That's simply not going to cut it. 

In order to fully replace the bearded 2-guard, the Thunder needed Ibaka to develop into more of an offensive option. He's still limited to playing the pick-and-pop game, and that's not enough because it pigeonholes the type of offense that Durant and Westbrook can run. 

Ibaka must be able to create for himself, or else the Thunder need to look elsewhere for the third star. That could come internally (more on that in a bit), but Sam Presti may also start looking to begin wheeling and dealing if the Congolese big man doesn't emerge. 

Could he trade Ibaka for more offensive talent and then rely on Kendrick Perkins (eek) to pick up the defensive slack? Could the general manager attempt to parlay some of the young talent into more established production? 

Certainly, even if predicting the specifics is currently impossible and purely speculative. We could also see the hot seat start to be turned up on Scott Brooks, as suggested by Ethan Norof on Basketball By Association's season preview for the Thunder

The pressure is on Ibaka to step up, but it's not entirely necessary.

Durant and Westbrook have shown in the past that they're talented enough to keep OKC in the realm of title contenders by themselves (not title favorites, but contenders), and there's always the possibility that the rest of the roster is strong enough to compensate. 

 

Internal Development

Chris Humphreys-USA TODAY Sports

Reggie Jackson. Jeremy Lamb. DeAndre Liggins. Perry Jones III. Andre Roberson. Grant Jerrett. Steven Adams. Daniel Orton. 

The Thunder are overflowing with young talent just waiting to explode. And given the sheer quantity, it seems like a safe assumption that at least one of them will do exactly that.

Jackson and Lamb are the safest bets.

Look how well Jackson's per-36-minute numbers stack up against James Harden and Kevin Martin's during their final regular seasons with the Thunder:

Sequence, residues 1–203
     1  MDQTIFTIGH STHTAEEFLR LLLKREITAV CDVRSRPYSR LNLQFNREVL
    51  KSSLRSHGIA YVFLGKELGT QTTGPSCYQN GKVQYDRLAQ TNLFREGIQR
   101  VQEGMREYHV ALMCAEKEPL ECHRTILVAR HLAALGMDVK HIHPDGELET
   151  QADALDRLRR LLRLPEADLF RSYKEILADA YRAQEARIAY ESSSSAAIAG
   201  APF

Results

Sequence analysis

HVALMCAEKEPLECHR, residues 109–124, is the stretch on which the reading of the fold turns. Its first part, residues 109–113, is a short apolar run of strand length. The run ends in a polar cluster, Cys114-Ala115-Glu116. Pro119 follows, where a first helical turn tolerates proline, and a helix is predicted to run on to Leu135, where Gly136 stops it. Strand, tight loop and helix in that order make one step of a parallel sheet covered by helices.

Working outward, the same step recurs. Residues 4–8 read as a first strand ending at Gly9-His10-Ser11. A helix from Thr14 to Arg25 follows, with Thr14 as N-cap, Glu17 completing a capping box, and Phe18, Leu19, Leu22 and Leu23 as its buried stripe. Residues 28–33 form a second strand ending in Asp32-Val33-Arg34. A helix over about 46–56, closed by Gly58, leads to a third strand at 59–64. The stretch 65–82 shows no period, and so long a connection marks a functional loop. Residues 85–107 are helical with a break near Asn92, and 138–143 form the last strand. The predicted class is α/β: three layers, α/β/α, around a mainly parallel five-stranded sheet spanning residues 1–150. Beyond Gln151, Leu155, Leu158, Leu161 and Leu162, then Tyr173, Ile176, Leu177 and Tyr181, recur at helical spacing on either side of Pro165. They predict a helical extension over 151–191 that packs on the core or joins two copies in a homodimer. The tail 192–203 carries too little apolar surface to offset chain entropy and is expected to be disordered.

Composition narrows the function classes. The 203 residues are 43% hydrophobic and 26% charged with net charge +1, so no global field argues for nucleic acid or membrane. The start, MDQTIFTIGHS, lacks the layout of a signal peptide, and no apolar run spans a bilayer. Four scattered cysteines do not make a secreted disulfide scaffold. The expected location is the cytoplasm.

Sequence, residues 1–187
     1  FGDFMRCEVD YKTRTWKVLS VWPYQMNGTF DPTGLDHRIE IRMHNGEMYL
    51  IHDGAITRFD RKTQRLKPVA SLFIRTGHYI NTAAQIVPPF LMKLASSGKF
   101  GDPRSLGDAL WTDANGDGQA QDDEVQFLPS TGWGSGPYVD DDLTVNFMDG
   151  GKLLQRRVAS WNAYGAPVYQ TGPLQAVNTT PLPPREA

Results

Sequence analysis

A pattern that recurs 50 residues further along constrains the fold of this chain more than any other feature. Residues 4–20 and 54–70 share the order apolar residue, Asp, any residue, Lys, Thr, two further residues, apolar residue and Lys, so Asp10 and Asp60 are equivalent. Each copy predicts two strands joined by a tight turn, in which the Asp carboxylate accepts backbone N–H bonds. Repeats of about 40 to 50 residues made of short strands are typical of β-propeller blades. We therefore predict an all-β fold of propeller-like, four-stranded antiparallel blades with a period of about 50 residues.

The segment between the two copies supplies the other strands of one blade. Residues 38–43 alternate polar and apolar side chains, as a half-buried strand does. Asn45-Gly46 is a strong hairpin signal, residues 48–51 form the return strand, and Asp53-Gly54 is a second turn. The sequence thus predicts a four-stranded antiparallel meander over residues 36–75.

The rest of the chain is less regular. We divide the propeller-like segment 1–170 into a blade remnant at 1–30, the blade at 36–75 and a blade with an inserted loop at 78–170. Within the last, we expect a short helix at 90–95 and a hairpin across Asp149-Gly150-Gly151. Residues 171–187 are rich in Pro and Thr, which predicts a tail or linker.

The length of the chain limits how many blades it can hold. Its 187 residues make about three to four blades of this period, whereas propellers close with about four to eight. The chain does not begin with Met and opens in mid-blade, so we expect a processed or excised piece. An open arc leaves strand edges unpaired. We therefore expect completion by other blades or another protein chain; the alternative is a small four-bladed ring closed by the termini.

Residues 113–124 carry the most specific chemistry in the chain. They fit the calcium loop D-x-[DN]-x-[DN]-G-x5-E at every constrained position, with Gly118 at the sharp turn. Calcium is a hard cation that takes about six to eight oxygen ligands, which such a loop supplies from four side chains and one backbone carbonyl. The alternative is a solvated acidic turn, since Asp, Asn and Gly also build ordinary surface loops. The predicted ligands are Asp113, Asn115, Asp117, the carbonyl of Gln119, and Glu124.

Was Jackson as impressive in the scoring column?

Not at all, but he makes up for the difference with his rebounding, passing and defensive competence, which isn't shown here. The former Boston College standout is by no means a point-preventing standout, unless you're comparing him to Martin and Harden, of course. He's just a solid defender.

According to Synergy Sports (subscription required), Jackson allowed 0.84 points per possession in 2012-13, the No. 119 mark in the league. Again, solid.  

It's the rest of the team that can make up for the decline in scoring production.

Lamb in particular is going to be a solid scorer, especially if his summer league performance was any indication. But let's not forget about the potential of the other guys, especially Jones, who was once viewed as a lottery lock before injury-related red flags depressed his stock. 

Plus, there's one portion of the internal development that I've completely overlooked until now: Durant, Westbrook and Ibaka can all get better. All of them are 24 years old and well shy of their NBA primes. Usually those don't come around until 27 or 28, so there's still plenty of room for improvement. 

Yes, as scary as it is, Durant and Westbrook can keep upping their levels of play.

The former may very well challenge LeBron James for overall supremacy, especially if he continues taking strides on defense while becoming a more comfortable facilitator. The latter could take on not only Chris Paul in the point guard battle, but also start duking it out with some of the all-time greats. 

How will the Thunder far in 2013-14?

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These improvements—both from the stars and the role players—are what the OKC management is banking on as it consistently fails to bring in much outside help. That confidence should be treated as a massive positive sign as well. 

The Thunder aren't messing around and hoping to luck into an NBA title. They're still actively seeking a championship, just in what many basketball fans perceive as a more unorthodox manner because they've become accustomed to watching contenders restock and reload externally each and every year. 

Durant and Westbrook by themselves are enough to keep Oklahoma City in contention.

Now we just have to find out if the rest of the roster is enough to push the Western Conference powerhouse over the top.